An up-and-coming neighborhood in San Diego is typically characterized by increasing property values, new developments, and an influx of amenities and services. Areas like Golden Hill, Sherman Heights, and Logan Heights are seeing these changes due to their proximity to downtown and relatively affordable property prices.

Why Is the Coastal Zone a Challenge for Development?

The Coastal Zone requires a Coastal Development Permit for new projects, which involves additional documentation, community presentations, and higher costs. This process can take years and has no guaranteed outcome, making it riskier and more expensive for developers.

How Do Permanent Boundaries Affect Development in San Diego?

Permanent boundaries like the San Diego Bay, Balboa Park, and the San Diego Airport limit where downtown can expand. As a result, future development is funneled towards the North and East/Southeast neighborhoods.

What Are the Key Factors to Consider When Buying Property in San Diego?

When buying property in San Diego, consider the location, property value, and regulatory environment. Understanding topography, neighborhood boundaries, and the Coastal Zone can help you make an informed decision.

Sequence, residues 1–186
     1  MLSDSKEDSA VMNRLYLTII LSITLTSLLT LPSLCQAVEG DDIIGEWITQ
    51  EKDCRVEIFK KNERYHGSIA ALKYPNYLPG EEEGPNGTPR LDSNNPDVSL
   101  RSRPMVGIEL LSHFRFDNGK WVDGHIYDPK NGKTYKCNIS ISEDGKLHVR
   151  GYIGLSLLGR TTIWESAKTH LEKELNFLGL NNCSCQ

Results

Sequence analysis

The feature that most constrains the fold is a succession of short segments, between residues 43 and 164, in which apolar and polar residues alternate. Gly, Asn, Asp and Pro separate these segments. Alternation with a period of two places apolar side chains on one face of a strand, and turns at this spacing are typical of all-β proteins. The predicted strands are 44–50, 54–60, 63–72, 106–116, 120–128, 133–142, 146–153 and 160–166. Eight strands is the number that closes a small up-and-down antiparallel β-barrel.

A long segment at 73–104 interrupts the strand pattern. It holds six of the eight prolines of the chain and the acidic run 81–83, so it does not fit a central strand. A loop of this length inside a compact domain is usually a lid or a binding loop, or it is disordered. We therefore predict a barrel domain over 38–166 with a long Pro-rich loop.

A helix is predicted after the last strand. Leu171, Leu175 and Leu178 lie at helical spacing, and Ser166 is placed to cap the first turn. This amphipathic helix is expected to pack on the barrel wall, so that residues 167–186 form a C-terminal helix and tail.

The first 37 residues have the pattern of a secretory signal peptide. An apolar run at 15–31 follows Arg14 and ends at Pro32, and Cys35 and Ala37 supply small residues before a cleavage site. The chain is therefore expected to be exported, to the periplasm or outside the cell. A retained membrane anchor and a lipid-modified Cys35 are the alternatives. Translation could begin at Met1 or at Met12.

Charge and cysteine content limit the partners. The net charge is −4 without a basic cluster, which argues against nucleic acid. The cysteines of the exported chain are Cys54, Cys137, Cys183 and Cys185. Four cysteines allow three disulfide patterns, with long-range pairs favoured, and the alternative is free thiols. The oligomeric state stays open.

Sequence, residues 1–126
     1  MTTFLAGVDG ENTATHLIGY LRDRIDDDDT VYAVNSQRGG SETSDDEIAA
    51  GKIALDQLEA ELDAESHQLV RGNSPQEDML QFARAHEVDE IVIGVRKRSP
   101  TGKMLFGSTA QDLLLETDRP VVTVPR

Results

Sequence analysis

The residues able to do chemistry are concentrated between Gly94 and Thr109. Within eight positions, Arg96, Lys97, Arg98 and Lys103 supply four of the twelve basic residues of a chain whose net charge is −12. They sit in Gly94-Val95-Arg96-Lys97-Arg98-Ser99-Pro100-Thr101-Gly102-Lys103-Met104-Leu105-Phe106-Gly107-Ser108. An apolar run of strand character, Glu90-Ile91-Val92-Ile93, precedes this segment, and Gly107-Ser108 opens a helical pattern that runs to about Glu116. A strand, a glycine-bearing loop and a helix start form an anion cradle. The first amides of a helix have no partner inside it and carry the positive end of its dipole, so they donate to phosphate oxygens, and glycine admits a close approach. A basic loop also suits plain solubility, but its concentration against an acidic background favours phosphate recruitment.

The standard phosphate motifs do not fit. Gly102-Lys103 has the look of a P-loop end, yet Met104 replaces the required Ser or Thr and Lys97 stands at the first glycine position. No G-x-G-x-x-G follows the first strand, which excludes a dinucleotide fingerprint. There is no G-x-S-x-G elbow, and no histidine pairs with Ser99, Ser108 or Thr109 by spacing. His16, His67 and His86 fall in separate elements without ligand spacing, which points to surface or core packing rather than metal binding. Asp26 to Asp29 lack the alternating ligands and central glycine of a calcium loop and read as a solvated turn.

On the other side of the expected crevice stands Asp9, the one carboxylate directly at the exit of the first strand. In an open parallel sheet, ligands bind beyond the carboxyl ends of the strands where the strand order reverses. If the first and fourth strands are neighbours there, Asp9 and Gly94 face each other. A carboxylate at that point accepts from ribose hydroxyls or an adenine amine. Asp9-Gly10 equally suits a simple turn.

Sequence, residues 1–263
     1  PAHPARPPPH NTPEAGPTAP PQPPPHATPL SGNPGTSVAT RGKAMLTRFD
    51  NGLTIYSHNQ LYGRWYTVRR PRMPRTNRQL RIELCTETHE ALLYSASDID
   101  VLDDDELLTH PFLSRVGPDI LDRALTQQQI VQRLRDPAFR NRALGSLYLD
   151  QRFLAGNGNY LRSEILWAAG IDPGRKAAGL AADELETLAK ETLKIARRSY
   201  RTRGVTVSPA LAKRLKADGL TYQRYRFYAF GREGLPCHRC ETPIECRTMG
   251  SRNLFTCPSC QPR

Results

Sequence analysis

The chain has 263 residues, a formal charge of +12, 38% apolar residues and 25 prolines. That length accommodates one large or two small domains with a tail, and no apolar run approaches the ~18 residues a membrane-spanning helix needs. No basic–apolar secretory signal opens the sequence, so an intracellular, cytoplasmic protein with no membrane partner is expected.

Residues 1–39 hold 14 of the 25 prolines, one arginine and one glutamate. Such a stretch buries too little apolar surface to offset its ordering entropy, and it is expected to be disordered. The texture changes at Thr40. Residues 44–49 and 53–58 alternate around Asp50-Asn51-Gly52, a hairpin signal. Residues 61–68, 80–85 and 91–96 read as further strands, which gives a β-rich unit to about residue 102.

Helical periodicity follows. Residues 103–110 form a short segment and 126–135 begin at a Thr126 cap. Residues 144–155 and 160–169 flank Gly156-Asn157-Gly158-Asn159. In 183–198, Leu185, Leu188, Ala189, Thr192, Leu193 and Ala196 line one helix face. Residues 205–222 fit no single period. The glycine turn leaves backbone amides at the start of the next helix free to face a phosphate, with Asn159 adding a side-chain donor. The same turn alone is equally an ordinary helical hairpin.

Why Are Some Neighborhoods in San Diego More Expensive Than Others?

Property values in San Diego vary based on location, proximity to amenities, and development potential. Areas closer to the coast and North of downtown, like La Jolla, have higher property values due to their desirability and limited availability.

What Is the Benefit of Investing in East/Southeast San Diego Neighborhoods?

Investing in East/Southeast neighborhoods like Logan Heights and Sherman Heights offers more affordable property options and significant development potential. These areas are poised for growth as downtown expands.

How Do I Know If My Property Qualifies for Development?

To determine if your property qualifies for development, check its zoning and any specific regulations that apply. Properties in commercial, multi-unit residential, and single-unit residential zones may qualify for ADUs or new dwelling units, but specific rules vary.

Can I Rent Out a Property Developed in These Neighborhoods?

Yes, properties developed in these neighborhoods can typically be rented out. However, ADUs must be rented for long-term use (30+ days), and short-term rentals like Airbnb are not permitted for ADUs.

How Does Topography Affect Property Development in San Diego?

Topography can influence the walkability and accessibility of a neighborhood. Natural land formations like canyons and cliffs, as well as manmade structures like highways, can create physical barriers that impact development.

What Are the Long-Term Benefits of Developing Property in San Diego?

Long-term benefits of developing property in San Diego include potential appreciation in property value, increased rental income, and contributing to the city’s growth. Investing in up-and-coming neighborhoods can offer significant returns over time.